THE MANDELBAUM EFFECT
MAY NOT BE DUE TO INVOLUNTARY MIS-ACCOMMODATION
G.A. Gleason1 and Robert V. Kenyon2
Armstrong Laboratory, Wright-Patterson AFB, OH1; University of Illinois at Chicago 2.
Purpose Far objects appear blurred when viewed through a screen mesh (Mandelbaum effect) presumably because accommodation is biased towards the near screen. Owens reported this bias is maximum when the screen is near the dark focus point. We studied dynamic accommodation while a far target is viewed and an intervening screen is added.
Methods The Mandelbaum effect was demonstrated to five untrained emmetropic subjects (age = 22 ± 2). Then, eye focus was continuously measured (40Hz) with an infrared optometer as subjects monocularly viewed a 20/70 Snellen E on a eye chart located 26 feet away. Each 30-second trial had four consecutive viewing conditions: (1) look at E directly (baseline), (2) look at E through screen, (3) look at screen, and (4) look at E through screen again. In separate trials, the screen was at the distance of maximum blur (124 cm ± 13), or 40 cm. Dark focus was also measured.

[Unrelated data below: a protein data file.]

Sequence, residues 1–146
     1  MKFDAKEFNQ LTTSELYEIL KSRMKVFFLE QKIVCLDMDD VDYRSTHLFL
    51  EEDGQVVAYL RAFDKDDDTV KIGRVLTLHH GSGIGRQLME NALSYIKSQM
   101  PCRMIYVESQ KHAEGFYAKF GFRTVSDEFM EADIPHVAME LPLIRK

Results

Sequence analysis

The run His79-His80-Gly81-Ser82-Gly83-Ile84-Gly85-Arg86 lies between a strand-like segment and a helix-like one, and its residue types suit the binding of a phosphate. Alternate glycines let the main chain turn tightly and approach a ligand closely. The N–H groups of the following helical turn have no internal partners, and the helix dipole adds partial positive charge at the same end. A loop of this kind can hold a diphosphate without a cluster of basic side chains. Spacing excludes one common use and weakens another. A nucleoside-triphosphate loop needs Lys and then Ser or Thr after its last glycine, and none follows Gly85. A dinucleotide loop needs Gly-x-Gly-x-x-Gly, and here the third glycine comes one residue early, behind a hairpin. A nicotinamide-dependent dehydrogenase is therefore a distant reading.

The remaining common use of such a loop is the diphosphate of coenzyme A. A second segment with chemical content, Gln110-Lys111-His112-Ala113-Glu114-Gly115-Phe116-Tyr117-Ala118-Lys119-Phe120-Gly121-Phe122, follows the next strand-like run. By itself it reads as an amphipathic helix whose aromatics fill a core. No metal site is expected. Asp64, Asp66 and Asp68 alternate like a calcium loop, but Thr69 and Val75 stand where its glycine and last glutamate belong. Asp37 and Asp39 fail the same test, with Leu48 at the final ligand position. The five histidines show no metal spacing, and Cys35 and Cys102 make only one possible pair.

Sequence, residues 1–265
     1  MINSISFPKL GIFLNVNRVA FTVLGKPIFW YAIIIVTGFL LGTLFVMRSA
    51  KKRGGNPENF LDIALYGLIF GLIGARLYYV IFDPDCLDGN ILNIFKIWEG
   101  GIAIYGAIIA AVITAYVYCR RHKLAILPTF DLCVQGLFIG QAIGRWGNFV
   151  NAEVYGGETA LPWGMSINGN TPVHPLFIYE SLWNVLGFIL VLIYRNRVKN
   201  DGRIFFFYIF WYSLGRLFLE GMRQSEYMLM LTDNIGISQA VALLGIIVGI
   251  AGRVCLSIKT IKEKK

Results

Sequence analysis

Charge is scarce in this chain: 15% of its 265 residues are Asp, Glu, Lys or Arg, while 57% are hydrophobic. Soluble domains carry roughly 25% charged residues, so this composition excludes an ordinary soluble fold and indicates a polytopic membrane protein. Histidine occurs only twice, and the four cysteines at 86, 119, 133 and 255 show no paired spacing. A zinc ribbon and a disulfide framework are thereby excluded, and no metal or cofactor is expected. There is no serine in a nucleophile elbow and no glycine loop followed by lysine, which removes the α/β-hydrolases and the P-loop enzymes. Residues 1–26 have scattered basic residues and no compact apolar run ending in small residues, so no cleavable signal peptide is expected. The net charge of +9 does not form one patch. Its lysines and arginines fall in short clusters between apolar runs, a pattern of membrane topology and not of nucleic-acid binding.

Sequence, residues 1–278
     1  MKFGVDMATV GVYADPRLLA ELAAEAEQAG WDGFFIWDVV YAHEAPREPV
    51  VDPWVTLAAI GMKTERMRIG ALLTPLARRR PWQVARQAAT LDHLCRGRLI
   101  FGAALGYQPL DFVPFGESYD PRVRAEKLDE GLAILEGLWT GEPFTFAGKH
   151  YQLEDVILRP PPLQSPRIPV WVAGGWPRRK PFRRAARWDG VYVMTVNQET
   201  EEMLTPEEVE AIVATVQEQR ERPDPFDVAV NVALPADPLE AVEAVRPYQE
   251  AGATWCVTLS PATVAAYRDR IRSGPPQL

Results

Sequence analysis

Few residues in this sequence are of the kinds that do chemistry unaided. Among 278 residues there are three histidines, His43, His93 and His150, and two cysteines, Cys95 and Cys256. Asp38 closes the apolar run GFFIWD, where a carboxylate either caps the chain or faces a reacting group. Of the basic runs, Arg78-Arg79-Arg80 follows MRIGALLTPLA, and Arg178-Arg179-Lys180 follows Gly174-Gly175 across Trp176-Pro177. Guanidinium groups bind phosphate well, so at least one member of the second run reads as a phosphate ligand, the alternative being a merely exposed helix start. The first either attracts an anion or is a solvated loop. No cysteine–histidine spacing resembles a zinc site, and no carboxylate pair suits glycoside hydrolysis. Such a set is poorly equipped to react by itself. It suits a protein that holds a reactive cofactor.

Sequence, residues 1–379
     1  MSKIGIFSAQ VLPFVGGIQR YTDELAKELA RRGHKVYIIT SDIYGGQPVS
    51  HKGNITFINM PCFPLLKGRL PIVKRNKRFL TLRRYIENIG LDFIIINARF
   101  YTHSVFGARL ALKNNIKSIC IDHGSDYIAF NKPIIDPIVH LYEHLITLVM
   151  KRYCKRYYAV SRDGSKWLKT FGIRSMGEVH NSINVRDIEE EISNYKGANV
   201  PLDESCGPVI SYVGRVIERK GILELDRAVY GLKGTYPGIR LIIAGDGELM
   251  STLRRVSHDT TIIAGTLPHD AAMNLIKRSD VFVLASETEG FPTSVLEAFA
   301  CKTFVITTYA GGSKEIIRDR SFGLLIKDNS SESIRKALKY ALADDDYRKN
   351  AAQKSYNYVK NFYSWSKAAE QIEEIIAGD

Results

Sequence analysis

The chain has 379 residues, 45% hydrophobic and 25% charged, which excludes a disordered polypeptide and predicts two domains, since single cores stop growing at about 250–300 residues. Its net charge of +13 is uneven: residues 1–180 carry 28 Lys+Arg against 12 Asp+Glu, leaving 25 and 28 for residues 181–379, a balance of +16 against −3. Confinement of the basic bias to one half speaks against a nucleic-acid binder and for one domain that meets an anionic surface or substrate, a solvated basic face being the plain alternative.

Results (1) Eye focus did not change from baseline with screen addition. (2) Eye focus was near veridical when attention was directed to the screen. (3) Eye focus returned to baseline when attention was redirected to the far E. All subjects reported blur of the far E while viewing through the screen. The screen distance of maximum blur was not predicted by dark focus.
Conclusion This objective experiment, along with some subjective observations, indicate the Mandelbaum effect is not likely due to involuntary mis-accommodation.
Owens, D.A. (1979). J. Opt. Soc. Am., 69 , 646-652
Lt Col Gerald A Gleason Human Engineering Division Armstrong Laboratory 2255 H. Street, Bld 248 Wright-Patterson AFB OH 45433-7022 GGLEASON@AL.WPAFB.AF.MIL phone (513) 255-8892 Fax (513) 255-8366 home (513) 255-8892